We were reminded of an event that took on a life of its own: a 2003 academic conference about Ian Fleming and James Bond.
It was held at the main Indiana University campus in Bloomington, where many Fleming manuscripts and letters are kept. On May 29-June 1 of that year, various academics descended on Bloomington to examine 007 from every conceivable angle.
Some of the essays were collected in a 2005 book, Ian Fleming and James Bond: The Cultural Politics of 007. It’s a bit pricey even today, with a paperback costing $26.
However, the book’s introduction can be viewed on a Google preview of the book. It gives you a flavor of some of the subjects discussed.
For example, “Fleming’s Company Man: James Bond and the Management of Modernism” argued that 007 was “less a champion of consumer culture than a hero of the corporation,” according to introduction.
“‘Alimentary, Dr. Leiter’: Anal Anxiety in Diamonds Are Forever” is an essay that “explores Bond’s sexuality, but as it is represented in the films of the seventies.”
Another entry is “Lesbian Bondage,” which “traces Bond’s transformation from excessively masculine hero to stylishly accessorized dandy.” The latter version “is less appealing to feminists and lesbians,” according to the introduction’s summary of the essay.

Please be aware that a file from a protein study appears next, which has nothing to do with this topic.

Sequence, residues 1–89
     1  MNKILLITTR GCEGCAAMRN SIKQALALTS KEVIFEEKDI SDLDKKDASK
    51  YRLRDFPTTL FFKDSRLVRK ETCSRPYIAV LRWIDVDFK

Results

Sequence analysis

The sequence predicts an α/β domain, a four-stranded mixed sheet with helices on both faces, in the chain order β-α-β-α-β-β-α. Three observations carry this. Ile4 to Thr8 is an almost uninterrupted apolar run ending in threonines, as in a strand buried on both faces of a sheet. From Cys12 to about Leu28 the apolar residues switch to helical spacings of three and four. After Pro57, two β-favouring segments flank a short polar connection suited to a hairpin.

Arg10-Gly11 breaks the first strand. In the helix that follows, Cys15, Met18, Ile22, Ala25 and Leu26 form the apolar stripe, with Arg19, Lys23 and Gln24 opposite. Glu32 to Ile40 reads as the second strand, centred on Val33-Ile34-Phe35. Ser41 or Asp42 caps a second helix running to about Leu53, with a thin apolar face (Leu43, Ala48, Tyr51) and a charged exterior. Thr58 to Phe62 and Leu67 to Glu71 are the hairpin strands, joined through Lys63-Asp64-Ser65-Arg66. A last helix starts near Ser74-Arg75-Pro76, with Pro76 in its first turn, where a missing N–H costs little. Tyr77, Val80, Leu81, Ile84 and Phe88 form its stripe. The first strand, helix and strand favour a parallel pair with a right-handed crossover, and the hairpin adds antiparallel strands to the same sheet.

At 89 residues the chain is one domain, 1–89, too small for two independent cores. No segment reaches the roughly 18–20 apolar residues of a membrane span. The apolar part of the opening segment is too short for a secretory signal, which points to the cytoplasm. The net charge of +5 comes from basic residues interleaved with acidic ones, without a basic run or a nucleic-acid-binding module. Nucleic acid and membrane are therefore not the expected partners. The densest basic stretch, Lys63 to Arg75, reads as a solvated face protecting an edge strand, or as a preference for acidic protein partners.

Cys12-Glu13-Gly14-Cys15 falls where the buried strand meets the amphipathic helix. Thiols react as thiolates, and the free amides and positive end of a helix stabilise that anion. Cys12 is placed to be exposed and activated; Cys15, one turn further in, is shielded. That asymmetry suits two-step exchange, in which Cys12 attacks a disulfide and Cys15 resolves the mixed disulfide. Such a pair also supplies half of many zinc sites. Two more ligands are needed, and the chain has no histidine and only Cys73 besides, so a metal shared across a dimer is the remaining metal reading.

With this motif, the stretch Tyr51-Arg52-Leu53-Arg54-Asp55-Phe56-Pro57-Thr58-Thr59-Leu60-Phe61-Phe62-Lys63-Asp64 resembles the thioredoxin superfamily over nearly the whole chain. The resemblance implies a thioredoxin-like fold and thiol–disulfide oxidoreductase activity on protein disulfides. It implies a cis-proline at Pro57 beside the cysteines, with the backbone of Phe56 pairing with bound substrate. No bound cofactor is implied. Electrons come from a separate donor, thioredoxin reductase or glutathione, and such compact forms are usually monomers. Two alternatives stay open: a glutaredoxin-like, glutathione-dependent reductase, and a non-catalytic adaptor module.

Other essays presented at the conference sought to put Bond in a historical context, including how the novels were first published as the British Empire was dissipating. “The Bond novels represent a response to the dilemmas and give voice to the hopes and fears of Cold War England,” the introduction says.
What’s more, the introduction says there were disagreements arose during conference planning. It says there were “disparate goals” between Ian Fleming Publications and the Ian Fleming Foundation.
The latter preserves Bond-related artifacts, including vehicles and miniatures that appeared in the films. Ian Fleming Publications hires authors to write 007 continuation novels. IFP, according to the introduction, urged conference organizers “to use only Fleming’s name — not Bond’s — on our promotional material and to avoid any kitschy display of fan-based adoration.”